Friday, December 17, 2010

Little Bee (Chris Cleave)

To be completely honest, I chose to read this book because of its cover. Seriously, the art is great and it’s got a nice glossy, textured finish. Also, the only insight you get from the back is that it’s a story about two women, and they don’t want to tell you what happens because the way it unfolds is apparently that good. They don’t want you to tell your friends what happens either, so they can find out for themselves. As this is my first review for the Genoshan, I’m not so sure we’re friends just yet. Are we? Well maybe we could be someday, and I think those back cover people have a point. Even though this wasn’t my favorite book, I still really enjoyed it so I’ll tell you enough to know that I did actually read it.


This book tells the story of Little Bee, a Nigerian refugee trying to gain asylum in England, and Sarah, an English woman who once visited Nigeria, and the twisted way that their lives touched once, and then once again, and were never the same. Cleave alternates the perspective each chapter, unfolding the story once from one woman’s side and next from the other’s, creating gaps and then filling them in along the way. This lets the story unfold in a unique way, building an experience for the reader full of suspense and rich with insight into two very different characters’ lives.

Within the first two chapters, I was intrigued by the characters, moved by Cleave’s prose, and eager to find out more about how any facet of these two women’s lives could possibly be related. Little Bee starts out stuck in an detention center for immigrants, Sarah lives in the suburbs with her four-year-old son who is Batman and you better not say otherwise. Little Bee is released from the detention center and goes to find Sarah and her husband, Andrew. That’s when they’re all forced to confront a mysterious shared moment in their pasts, and things get - well, different. From the start, you can’t help but feel like you’re promised a big pay off. Both main characters constantly allude to this painful past event that will explain how everything is connected, but for most of the first half of the book, this lack of information makes the story seem like it’s just dragging on. At times it seemed as though there would never be a big reveal, or that the secret would not be nearly as shocking, scandalous, or intense as the hype. And in some ways it’s not, but there’s more. Yet just when I started to believe that this really was the worst book with the best beginning I’d ever read, it all got kicked up about eighteen notches and the second half of the book indeed delivered the payoff I had been expecting all along.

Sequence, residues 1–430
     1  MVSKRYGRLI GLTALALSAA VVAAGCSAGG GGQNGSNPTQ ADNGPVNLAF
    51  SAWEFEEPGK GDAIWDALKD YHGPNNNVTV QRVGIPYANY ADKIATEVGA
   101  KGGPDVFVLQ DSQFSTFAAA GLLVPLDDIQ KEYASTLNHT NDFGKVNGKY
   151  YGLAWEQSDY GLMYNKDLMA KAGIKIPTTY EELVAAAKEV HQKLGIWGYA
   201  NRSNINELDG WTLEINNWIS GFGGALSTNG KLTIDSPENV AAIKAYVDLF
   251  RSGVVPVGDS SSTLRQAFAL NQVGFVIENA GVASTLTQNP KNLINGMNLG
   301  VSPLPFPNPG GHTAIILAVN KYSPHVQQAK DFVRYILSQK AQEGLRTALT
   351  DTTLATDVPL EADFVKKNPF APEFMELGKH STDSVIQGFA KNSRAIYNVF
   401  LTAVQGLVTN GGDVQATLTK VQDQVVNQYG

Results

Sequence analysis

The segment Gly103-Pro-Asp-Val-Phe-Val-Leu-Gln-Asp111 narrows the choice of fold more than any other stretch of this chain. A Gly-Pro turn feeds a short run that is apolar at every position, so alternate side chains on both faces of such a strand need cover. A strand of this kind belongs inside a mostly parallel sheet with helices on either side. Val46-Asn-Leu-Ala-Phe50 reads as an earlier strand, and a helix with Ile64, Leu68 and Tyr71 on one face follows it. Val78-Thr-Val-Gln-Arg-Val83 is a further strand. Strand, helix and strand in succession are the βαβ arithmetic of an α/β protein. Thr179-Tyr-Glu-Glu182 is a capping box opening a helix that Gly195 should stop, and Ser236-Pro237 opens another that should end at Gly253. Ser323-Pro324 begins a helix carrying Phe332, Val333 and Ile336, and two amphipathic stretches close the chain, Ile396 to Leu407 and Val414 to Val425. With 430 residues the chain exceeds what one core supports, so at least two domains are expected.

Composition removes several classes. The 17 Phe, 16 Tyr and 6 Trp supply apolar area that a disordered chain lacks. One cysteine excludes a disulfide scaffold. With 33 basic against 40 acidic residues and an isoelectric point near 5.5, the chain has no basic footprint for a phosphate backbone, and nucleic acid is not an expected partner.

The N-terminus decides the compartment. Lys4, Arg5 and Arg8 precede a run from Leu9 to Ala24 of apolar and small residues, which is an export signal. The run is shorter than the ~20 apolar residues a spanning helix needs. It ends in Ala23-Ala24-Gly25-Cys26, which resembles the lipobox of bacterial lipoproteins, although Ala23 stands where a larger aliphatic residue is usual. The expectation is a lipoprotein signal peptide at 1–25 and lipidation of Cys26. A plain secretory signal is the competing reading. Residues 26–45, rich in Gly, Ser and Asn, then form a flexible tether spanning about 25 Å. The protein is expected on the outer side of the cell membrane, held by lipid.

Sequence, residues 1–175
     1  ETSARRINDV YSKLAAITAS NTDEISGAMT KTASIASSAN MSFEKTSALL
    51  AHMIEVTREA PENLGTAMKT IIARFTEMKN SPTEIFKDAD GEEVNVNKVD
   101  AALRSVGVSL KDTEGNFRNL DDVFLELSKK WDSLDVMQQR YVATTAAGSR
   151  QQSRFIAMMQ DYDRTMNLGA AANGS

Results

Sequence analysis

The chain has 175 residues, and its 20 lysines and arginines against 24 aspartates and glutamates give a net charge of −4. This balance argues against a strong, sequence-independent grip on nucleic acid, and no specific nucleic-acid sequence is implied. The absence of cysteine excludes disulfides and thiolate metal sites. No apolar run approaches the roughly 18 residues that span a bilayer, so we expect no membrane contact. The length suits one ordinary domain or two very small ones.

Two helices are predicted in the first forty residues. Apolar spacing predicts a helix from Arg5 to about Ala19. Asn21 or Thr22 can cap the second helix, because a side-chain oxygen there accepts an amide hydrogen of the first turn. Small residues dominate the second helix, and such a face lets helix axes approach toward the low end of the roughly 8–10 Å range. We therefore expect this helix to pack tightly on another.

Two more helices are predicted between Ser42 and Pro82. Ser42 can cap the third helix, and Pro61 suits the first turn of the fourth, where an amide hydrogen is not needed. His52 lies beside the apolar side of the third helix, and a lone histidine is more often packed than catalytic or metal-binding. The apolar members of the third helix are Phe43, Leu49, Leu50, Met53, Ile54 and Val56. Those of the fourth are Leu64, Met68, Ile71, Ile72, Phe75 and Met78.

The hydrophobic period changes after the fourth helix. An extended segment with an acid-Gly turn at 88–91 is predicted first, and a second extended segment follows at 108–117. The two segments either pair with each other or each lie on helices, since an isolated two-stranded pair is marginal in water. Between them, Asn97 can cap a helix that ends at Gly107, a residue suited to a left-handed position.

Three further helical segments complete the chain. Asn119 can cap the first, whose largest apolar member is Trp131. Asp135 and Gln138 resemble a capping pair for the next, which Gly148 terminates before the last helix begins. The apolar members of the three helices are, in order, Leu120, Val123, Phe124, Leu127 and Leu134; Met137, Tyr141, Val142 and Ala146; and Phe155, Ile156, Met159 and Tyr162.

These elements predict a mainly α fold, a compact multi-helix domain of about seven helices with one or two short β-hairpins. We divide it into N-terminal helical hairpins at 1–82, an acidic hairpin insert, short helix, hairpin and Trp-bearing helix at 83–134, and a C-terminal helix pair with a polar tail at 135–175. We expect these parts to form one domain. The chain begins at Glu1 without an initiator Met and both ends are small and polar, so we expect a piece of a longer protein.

Story: 8 - A really unique story that manages to keep surprising you after you think that all of the surprising is done. It’s a well-done story of struggle told from two completely different angles, and Cleave manages to make sure that it never gets disjointed and everything has a purpose.

Style: 6.5 - I had a love/hate relationship with Cleave’s style in this book. Alternating the perspective each chapter did drive a sense of suspense throughout the story and I loved the extra dimension it brought to each character. At the same time, though, it contributed to about 100 pages of lagging plot. I also had some trouble getting the Nigerian speaking British English dialect, but I don’t necessarily fault the author for that since I’ve just never heard anyone speak like that before. At its best, though, the prose was incredibly cinematic. I felt like I could see Cleave’s descriptions as scenes in a movie, only to find after finishing the book that Little Bee is already in development as a feature film. I’d watch that.

General: 7.5 - Despite its shortcomings, I definitely loved Little Bee more than I hated it. I haven’t stopped thinking about it since I finished reading it, and highly suspect that there are nuances in that first half that I missed because I was so skeptical that the ending would actually deliver. It took me about a week to get through the first half, but the second half I read in less than 24 hours. I’m not rushing to re-read it any time soon, but I do plan on it.

Overall: 7.33

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